President of CCB Inc., Westbrook, Maine
Degree from UMaine: Associate Degree in Civil Engineering Technology, 1982
How did you get your start?
I began working for H.E. Sargent, Stillwater, Maine, right out of college in 1982. Sargent owned another company, known as Consolidated Constructors and Builders Inc. I was assigned by Sargent to field clerk/field engineering duties on a job where Consolidated was the general contractor. Once I’d been on that job for a year, Consolidated recruited me to work for them in Bangor. That was in 1983. Two years later, they moved me to the Portland, Maine, office and I began working as a project manager. Ten years later, I participated in a buyout of the company, becoming a minority owner and vice president of operations. We officially changed our corporate name to CCB Inc., in 1993. In 2004, I purchased the majority interest and assumed the role of president.
How did UMaine prepare you for your career?
I was motivated and challenged by the instructors. I wasn’t the top student, but I always put in the time and worked hard, and that paid off. The UMaine instructors were always reminding us that there was a lot more to learn once we moved out into our careers. That was so true. My education at UMaine helped me discover my confidence and ability to take on many challenges.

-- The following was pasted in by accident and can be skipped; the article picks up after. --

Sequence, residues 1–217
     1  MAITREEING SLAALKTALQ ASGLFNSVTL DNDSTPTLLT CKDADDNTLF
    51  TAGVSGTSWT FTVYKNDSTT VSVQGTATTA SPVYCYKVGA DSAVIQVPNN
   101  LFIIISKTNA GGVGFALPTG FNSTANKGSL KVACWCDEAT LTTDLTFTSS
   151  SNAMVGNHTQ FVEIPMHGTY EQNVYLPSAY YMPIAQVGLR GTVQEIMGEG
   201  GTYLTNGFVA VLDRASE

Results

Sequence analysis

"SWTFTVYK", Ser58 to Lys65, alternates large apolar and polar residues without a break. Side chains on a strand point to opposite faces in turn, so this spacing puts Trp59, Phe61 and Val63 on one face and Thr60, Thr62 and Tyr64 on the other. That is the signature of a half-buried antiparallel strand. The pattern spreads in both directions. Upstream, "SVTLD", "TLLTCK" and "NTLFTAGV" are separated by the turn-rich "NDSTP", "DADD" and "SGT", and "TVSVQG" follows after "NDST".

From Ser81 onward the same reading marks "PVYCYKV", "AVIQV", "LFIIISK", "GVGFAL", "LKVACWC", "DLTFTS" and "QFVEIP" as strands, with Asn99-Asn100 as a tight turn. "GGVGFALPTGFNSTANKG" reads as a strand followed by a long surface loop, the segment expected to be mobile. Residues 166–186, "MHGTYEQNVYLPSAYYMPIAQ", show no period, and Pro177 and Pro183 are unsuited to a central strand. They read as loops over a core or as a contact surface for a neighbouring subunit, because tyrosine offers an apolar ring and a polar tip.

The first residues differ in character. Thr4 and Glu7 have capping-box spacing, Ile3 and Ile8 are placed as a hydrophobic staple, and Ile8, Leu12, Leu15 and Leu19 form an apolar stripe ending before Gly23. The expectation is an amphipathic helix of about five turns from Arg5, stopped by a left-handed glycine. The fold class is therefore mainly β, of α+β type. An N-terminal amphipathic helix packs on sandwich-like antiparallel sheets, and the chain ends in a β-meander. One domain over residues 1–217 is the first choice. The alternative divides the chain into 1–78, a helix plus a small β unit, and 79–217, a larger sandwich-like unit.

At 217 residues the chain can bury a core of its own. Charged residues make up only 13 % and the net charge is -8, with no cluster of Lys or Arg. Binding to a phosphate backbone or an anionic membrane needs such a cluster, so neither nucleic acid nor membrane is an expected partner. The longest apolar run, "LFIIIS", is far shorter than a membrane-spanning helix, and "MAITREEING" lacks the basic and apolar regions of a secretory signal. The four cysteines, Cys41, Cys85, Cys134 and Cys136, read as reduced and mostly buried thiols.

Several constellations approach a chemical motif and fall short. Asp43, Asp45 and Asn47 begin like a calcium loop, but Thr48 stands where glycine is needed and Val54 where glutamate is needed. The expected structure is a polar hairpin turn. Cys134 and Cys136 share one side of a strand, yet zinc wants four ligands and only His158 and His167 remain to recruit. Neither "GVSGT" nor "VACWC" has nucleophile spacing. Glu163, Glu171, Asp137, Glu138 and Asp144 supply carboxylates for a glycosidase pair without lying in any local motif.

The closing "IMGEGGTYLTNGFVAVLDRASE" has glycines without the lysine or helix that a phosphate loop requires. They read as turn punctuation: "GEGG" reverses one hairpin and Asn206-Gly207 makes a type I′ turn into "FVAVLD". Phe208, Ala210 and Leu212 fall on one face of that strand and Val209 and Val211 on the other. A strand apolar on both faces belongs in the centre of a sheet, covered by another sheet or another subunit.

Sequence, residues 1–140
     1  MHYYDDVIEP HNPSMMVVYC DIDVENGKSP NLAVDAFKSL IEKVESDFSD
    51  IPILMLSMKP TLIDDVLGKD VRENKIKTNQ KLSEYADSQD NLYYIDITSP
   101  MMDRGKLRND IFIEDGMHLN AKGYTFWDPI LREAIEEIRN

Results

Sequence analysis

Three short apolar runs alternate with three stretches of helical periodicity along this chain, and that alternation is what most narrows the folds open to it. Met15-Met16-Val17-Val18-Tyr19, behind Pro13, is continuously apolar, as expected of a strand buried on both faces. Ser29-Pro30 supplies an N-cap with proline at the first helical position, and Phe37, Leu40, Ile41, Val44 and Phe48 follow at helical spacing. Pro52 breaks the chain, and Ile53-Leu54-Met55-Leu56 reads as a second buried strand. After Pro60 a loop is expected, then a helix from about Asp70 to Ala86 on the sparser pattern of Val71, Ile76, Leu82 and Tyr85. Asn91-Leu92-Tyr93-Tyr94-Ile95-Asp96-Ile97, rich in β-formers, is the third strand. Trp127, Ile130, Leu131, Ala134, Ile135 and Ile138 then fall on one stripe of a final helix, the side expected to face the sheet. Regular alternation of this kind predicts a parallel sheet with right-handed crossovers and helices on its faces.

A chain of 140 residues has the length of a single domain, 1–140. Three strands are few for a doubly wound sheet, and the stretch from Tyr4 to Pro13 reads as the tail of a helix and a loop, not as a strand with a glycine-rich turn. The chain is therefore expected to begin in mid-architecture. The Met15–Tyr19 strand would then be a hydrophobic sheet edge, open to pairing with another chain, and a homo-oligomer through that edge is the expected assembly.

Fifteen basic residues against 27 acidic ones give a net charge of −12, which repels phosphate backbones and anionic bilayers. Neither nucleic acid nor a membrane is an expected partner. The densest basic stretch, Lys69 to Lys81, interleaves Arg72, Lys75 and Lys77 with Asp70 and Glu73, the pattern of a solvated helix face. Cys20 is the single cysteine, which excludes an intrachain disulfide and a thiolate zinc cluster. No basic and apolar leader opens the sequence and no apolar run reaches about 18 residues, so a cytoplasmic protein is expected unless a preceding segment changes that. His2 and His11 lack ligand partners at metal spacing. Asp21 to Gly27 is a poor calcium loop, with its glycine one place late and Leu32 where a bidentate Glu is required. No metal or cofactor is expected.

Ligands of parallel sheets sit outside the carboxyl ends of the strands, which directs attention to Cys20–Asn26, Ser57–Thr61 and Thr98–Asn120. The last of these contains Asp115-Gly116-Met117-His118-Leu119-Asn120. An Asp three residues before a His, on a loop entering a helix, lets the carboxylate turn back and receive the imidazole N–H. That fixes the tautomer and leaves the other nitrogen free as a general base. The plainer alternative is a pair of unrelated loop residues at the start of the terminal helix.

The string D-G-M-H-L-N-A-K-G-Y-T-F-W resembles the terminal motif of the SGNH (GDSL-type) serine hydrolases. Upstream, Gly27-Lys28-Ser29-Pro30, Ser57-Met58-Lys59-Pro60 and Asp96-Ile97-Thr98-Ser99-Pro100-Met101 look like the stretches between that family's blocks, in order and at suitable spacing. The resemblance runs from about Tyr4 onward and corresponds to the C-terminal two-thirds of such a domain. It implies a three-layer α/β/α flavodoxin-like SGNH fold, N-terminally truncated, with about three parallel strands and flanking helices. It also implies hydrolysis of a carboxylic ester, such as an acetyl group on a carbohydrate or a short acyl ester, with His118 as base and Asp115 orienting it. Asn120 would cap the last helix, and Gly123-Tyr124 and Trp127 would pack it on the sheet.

How is business?
The current economy is definitely a challenge. Our company did not feel the pinch as much in 2009 as other companies did, but in 2010, we are certainly seeing an impact. The tendency can be to totally “pull in your horns” and hunker down, but our approach has been a little different. We are financially strong and well positioned to get through this, and I see this as an opportunity to look at additional markets and construction services we can offer. We’ve added staff to business development and management. We also want to use this time to bolster our training efforts and employee skill improvements. My focus continues to remain on maximizing opportunities for CCB and to encourage my team members to be innovative in their approach to our construction projects.
Why did you attend UMaine?
Well, at the time I had very little money and did not want to take on a lot of college debt. That meant I needed to keep working and live at home in Milo, Maine. UMaine was close. And when I found out about the Civil Engineering Technology program, I just knew that was going to suit me. I always thought I might concentrate on surveying, since at that time all I wanted to do was be outside. It’s not where I ended up, but that’s been OK. UMaine was a great experience for me.
How has your field changed since you graduated?
There is way more technology available to students today. I spent many hours on the board hand drafting. No CAD (computer-assisted design); no computers except punch card programming. We used 10-second Theodolites and did all the computations ourselves. Now the Total Station nearly does it all. The technical elements required of construction personnel are greater today — new materials, advanced materials/ composites/coatings and equipment, green/sustainable elements, high-performance mechanical and electrical systems, sophisticated/knowledgeable owners. This is all knowledge today’s graduate needs to have.
Image Description: Beth Sturtevant